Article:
These quotes almost guarantee a poor outcome to the hunt
Call me a grump, but some statements make me cringe or roll my eyes. Many of those are uttered in a duck blind or goose field.
I try to be polite and open-minded, of course, especially when chatting with fellow hunters. But when you’ve heard a few of these lines more than once, you can almost predict a poor outcome. Here are some common examples of cringe-worthy waterfowl hunting quotes.
‘Thought I’d Try a New Gun’
Hey, cool. Using various shotguns is part of waterfowling’s appeal. But unless I know the guy who uttered that line, I usually suspect that he hasn’t shot that gun much … or at all. I start grinding my teeth while expecting the shells to fly — and many ducks to keep flying.
‘These Shells Should Work’
Should work? There’s no “should work.” Shoot what you like, but make sure those loads have been proven lethal with your gun and choke. There’s little worse than pounding through your shells on cripples after Mr. Should Work wing-tips duck after duck with steel No. 7s.
‘Well, I Gotta Run’
You’ll usually hear this right before it’s time to pick up the 150 full-bodied honker fakes or diver blocks you set out at dark-thirty. Big no-no. It’s one thing to ask a buddy once in a while whether it’s OK to leave early and stick him with the cleanup. It’s another to expect the favor.
‘I Can’t Stay That Long’
Translation: “I want to enjoy the good shooting during the first hour and will then refer to statement No. 3 before taking my birds and leaving you to pick up the decoys and clean the boat. Again, this is OK in small doses, but it can’t become a habit. Otherwise, you might find yourself swimming to shore while your friends continue to hunt.
‘What’s the Limit On (Fill in the Blank)?’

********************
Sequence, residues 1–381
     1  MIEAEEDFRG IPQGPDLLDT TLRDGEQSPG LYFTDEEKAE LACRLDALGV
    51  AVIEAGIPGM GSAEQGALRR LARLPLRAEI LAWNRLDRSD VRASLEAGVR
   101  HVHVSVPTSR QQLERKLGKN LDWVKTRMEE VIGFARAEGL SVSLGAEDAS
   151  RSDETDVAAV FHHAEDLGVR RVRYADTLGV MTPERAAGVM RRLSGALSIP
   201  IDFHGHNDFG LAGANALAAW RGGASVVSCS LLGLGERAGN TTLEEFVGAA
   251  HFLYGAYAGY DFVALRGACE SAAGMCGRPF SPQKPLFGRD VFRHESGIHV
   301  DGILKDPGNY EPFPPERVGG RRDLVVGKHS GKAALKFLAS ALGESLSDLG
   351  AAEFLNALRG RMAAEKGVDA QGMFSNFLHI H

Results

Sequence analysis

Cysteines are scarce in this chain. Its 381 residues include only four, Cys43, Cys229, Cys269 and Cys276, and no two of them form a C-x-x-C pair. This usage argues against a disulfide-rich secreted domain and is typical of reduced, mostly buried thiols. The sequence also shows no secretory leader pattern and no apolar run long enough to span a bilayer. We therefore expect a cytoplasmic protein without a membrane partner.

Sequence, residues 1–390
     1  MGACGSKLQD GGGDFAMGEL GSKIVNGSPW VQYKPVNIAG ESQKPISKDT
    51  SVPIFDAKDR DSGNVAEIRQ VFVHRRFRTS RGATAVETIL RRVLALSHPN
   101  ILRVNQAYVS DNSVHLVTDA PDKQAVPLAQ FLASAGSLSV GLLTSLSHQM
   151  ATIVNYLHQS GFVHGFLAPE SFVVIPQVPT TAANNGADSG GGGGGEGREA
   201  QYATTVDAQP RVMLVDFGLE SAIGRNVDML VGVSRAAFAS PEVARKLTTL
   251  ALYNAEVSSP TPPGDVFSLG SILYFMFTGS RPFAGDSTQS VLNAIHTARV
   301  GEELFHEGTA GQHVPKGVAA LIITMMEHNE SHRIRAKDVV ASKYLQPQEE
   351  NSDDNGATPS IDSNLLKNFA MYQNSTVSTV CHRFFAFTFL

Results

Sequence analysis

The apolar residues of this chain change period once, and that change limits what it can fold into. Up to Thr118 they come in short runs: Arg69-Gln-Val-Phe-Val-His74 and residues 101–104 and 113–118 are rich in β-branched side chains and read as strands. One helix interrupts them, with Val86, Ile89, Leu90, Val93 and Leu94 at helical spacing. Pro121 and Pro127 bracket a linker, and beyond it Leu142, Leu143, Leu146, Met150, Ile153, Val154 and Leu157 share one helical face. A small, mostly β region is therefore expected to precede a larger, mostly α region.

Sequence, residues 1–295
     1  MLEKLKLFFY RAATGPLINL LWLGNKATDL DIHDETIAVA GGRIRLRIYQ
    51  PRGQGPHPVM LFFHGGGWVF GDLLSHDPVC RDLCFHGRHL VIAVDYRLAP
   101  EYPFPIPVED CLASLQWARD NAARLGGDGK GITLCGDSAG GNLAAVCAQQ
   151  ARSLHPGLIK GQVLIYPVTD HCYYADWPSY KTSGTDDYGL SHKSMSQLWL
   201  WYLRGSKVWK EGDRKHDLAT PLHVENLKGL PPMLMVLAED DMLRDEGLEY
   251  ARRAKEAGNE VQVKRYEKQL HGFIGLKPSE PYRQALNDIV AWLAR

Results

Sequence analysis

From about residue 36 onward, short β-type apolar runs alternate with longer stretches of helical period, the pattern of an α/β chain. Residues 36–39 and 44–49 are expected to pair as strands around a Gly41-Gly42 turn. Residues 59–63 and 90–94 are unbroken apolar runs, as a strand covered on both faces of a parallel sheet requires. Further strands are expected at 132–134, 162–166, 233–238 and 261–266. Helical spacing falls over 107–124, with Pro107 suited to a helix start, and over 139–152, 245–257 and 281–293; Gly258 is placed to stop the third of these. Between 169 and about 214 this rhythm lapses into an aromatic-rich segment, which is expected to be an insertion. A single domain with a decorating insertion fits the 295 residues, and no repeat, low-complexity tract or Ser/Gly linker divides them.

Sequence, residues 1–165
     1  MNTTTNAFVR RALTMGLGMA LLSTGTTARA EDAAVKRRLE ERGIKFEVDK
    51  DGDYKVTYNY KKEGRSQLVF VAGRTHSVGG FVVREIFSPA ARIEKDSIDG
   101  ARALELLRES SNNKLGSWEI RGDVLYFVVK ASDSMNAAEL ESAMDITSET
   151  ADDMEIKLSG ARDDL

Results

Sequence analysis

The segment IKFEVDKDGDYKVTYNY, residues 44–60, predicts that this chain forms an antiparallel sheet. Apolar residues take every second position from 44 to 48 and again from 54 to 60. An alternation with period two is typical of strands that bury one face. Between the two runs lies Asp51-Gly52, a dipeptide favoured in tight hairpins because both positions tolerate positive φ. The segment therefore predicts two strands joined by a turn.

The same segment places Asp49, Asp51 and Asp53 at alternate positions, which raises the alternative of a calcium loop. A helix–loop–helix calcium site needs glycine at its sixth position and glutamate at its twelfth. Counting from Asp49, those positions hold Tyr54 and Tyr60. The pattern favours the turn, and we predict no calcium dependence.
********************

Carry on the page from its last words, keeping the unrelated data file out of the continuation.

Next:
Oh boy. This guy hasn’t read the regs, and I’m just guessing he probably isn’t very adept at identifying ducks in flight — or even in hand. Every hunter shoulders the responsibility of being able to identify waterfowl before shooting and staying within legal bag and possession limits. State hunting rulebooks provide easy resources to become proficient at this. If you have to ask, you’re already in trouble.
The guy who asked about the limit of certain ducks usually shouts this when cranes, swans, cormorants or even seagulls appear on the horizon. Polite silence or awkward laughter follows.
It ain’t that difficult. Learn to identify birds in flight. Until you can, rely on experienced folks, and hold fire until they say it’s OK. And if you shoot a swan, you’re on your own.
‘Do You Want These?’
Some guys seemingly never have time to clean their ducks or didn’t intend to keep and eat them. No way, buddy. There’s no group bagging in waterfowl hunting. You killed them, you clean them. And I don’t want to hear about them showing up in the trash bin, either. Hey, if a friend sincerely wants some birds for whatever reason, it’s cool to gift those to him. Otherwise, personal responsibility must carry the day.
‘I Have to Take This Call’
Or text. Or Instagram post. Or Facebook message.
Sheesh. Put the stupid phone down and hunt. We’re a slave to those things, and waterfowl hunting offers an escape from that dreary reality. Look at the rising sun or the wind-whipped waves of grass across the prairie. Those images last longer than the latest “urgent” phone call.
‘Did I Show You … ?’
Maybe it’s a pile shot from Arkansas. Perhaps it's your buddy’s big buck. Sharing success photos is cool, but I prefer to look at them after the trip. Again, if you don’t want to pay attention to the day’s adventures and your surroundings, don’t bother pretending to hunt.
After reading this, I’m pretty sure I’m a crab. But in my defense, many of these blithe statements contributed to that bad attitude. Sigh. I guess I need to lighten up. But I still don’t want to see your Arkansas pictures before you leave abruptly and I spend 90 minutes packing up the decoys.
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Realtree waterfowl editor Brian Lovett has been an obsessive duck and goose hunter for more than 30 years, chasing his passion on the Dakota prairies and the marshes and open water of his home state of Wisconsin. He's been a writer and editor in the outdoors industry since 1991.